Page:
For readers who are not members of the graduate student body here at Pitt, one of the traditions of the WIP talks is for the WIPmaster (responsible for bringing the projector, buying beer etc.) is to announce the WIP talks by humerous group email to the other graduate students.  This weekly test of wit can leave the nerves ragged.  Joe McCaffrey, current master of ceremonies, is a master of the art of the WIP email.  This week’s email deserves preservation for future generations as an exemplar of the heights to which future WIPmasters may aspire.

Tom Pashby

WIP Webmaster

Subject: New WIP on the block

Faithful WIP-folk,
As we all know, sometimes philosophizing about a problem will have a certain distinctive quale.  For example, pondering whether species or psychological constructs are natural kinds feels like trying to staple jello to a wall made of jello while pondering the nature of consciousness feels like trying to build a bridge made out of balsa wood by starting in the middle  of the chasm when you are unsure what two things you are trying to build the bridge between and all you have is a stack of comic books and a waffle iron.  The scientific realism debate, on the other hand, feels like a Mexican standoff* between two brutally armed opponents hell-bent on each other’s doom.  On one hand, the pessimistic meta-induction has a knife to the belly of the no miracles argument.  On the other hand, the no miracles argument has the pessimistic meta-induction’s head lodged in a car door.  For years, it has looked like one or the other would emerge victorious.
Philosophers of science have tried to send various flails, muskets, and trebuchets to the warring arguments, but their results have (in some estimations) resulted in an escalation-without-resolution scenario not unlike the Butter Battle.  While this situation has kept philosophers of science well-fed, it has been unfortunate for the American taxpayers who need to know now whether science really discovers the really real.  Whether it is merely because he loves a good philosophical battle or for some benevolent cause, tomorrow our own Aaron Novick will attempt to disarm both sides of the realism debate to end this standoff for good.  So join us tomorrow, Friday March 1 at 5PM as Aaron gives his first HPS WIP, which promises to be an exciting new take on the scientific realism debate.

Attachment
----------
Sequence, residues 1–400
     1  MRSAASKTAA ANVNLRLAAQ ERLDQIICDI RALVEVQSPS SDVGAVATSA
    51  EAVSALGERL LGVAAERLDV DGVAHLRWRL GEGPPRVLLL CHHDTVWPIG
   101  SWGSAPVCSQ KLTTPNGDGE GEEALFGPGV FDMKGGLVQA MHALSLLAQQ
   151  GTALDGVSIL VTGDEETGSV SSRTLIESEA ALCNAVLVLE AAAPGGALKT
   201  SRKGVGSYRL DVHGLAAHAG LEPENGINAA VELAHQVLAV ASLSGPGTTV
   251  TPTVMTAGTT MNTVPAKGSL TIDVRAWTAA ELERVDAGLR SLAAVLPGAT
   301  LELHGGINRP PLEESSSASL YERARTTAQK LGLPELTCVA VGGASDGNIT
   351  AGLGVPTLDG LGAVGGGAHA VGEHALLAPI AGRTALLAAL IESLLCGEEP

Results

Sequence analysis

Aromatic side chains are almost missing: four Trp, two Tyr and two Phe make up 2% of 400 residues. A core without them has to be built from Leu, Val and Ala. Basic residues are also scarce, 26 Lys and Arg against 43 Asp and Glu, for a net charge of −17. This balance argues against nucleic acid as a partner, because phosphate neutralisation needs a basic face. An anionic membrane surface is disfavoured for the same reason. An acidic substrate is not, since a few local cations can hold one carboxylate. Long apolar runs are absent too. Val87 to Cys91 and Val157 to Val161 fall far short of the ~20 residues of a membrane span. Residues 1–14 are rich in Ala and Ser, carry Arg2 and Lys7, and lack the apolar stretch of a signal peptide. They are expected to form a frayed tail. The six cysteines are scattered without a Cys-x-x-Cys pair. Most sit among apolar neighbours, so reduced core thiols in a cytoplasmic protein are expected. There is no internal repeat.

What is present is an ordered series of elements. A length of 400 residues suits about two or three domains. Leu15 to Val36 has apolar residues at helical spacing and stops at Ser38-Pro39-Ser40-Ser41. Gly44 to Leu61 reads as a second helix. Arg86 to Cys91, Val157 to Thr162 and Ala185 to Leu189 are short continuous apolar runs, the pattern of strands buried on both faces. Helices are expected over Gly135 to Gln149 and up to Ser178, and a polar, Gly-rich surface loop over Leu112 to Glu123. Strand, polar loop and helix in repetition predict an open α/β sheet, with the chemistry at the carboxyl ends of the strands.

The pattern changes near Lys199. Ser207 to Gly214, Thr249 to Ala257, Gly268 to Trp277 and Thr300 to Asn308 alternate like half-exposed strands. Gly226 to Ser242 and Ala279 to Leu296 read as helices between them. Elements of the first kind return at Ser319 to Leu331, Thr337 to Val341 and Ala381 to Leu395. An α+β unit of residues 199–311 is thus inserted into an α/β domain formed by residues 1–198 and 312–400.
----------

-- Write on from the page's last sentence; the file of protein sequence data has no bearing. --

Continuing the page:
* A Mexican standoff is a situation where two or more people have weapons (usually guns and knives) aimed at one another, seemingly to no one’s disadvantage.  The urban dictionary defines it as “the poor man’s mutually assured destruction”
See you then,
Your faithful WIPmasters

 

 

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Scientific Realism

March 1, 2013

Aaron Novick

My general aim is to refocus the scientific realism debate by suggesting that one major strand—that which negotiates between the pessimistic meta-induction and the no miracles argument—is premised on faulty assumptions. Taking a lesson from Norton’s material theory of induction, I suggest that the warrant for theory choice comes locally and ‘from the ground up’. Consideration of this point undermines assumptions crucial to both realist and anti-realist arguments. Both sides of the negotiation are bluffing; neither has any legitimate claim on our reason.